If you use Spotlight searches in the Finder and you've got one or more large, data-laden hard drives (my system has two drives with ten partitions), you're probably well aware of the ability of these searches to turn your Finder into a first-class spinning beach ball.
This most often happens just as you start typing your search term. For instance, say you're looking for a particular landscape
photo, and you begin to type the word 'carnation'.
Thanks to the live search feature, your Mac wastes time looking for matches for 'c', 'ca', and 'car' as you type.
While you can't totally avoid extraneous results, there's one way to minimize them. Instead of typing your search term in the Finder's search box, first type it in any open application.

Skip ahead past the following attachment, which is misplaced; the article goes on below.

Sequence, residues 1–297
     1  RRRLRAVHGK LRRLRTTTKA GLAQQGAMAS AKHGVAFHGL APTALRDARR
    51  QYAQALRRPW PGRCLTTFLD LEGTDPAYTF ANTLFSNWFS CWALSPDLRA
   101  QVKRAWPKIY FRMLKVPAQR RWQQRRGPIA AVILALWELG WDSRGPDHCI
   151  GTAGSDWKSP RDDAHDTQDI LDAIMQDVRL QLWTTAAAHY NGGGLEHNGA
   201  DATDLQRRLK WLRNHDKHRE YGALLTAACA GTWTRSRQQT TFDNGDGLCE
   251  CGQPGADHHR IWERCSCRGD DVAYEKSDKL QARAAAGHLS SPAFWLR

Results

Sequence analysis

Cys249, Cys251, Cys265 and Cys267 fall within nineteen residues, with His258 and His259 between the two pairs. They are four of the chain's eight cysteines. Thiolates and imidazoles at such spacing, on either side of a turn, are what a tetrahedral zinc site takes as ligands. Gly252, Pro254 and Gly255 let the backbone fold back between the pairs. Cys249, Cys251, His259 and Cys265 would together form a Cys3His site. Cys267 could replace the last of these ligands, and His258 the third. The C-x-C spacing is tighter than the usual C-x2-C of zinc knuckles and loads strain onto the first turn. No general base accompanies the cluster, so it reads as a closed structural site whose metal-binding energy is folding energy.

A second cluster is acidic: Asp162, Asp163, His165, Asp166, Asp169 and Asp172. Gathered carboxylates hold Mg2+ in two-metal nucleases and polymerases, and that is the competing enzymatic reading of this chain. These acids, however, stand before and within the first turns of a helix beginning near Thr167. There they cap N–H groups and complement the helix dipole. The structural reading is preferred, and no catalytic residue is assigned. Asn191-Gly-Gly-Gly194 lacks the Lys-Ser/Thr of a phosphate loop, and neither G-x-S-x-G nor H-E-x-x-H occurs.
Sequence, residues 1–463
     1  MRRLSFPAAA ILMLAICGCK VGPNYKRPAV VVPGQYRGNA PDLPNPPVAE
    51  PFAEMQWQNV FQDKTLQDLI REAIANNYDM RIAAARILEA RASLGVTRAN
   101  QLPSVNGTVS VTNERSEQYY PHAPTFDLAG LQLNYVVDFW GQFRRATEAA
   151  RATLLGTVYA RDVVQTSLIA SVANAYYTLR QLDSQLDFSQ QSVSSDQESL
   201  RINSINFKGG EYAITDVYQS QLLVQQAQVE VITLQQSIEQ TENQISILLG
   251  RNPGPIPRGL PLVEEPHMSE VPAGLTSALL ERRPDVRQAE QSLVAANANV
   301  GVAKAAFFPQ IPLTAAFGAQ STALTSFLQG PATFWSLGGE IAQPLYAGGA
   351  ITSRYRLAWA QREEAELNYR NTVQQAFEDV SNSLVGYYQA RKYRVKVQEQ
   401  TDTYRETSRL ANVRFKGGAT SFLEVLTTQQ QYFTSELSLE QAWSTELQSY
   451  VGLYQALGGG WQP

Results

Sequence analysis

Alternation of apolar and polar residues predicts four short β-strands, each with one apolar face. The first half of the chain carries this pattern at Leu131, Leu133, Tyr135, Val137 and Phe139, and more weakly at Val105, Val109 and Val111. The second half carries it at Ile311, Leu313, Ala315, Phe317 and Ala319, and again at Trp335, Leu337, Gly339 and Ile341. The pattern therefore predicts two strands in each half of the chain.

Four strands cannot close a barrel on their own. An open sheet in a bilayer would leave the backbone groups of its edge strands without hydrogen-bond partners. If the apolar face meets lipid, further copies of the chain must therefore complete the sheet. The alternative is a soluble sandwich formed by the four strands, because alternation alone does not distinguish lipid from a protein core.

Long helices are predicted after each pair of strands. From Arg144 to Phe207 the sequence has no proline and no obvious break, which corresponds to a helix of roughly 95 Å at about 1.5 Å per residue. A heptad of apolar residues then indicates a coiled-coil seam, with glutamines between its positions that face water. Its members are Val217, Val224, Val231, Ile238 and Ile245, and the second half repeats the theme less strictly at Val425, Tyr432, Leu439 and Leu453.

For example, you could type it in Safari's address bar or Google search box, a TextEdit document, a Stickies note, or a widget.
Select the word with the mouse and press Command-C to copy it to the Clipboard. Switch back to the Finder, click inside the Spotlight search box (or just press Command -F), and then press Command -V to paste in your search term. You don't even have to press return - the Finder will go ahead and do a live search.
Now Spotlight will find matches for the entire word, instead of struggling with matches for all the partial words it can make from your search term.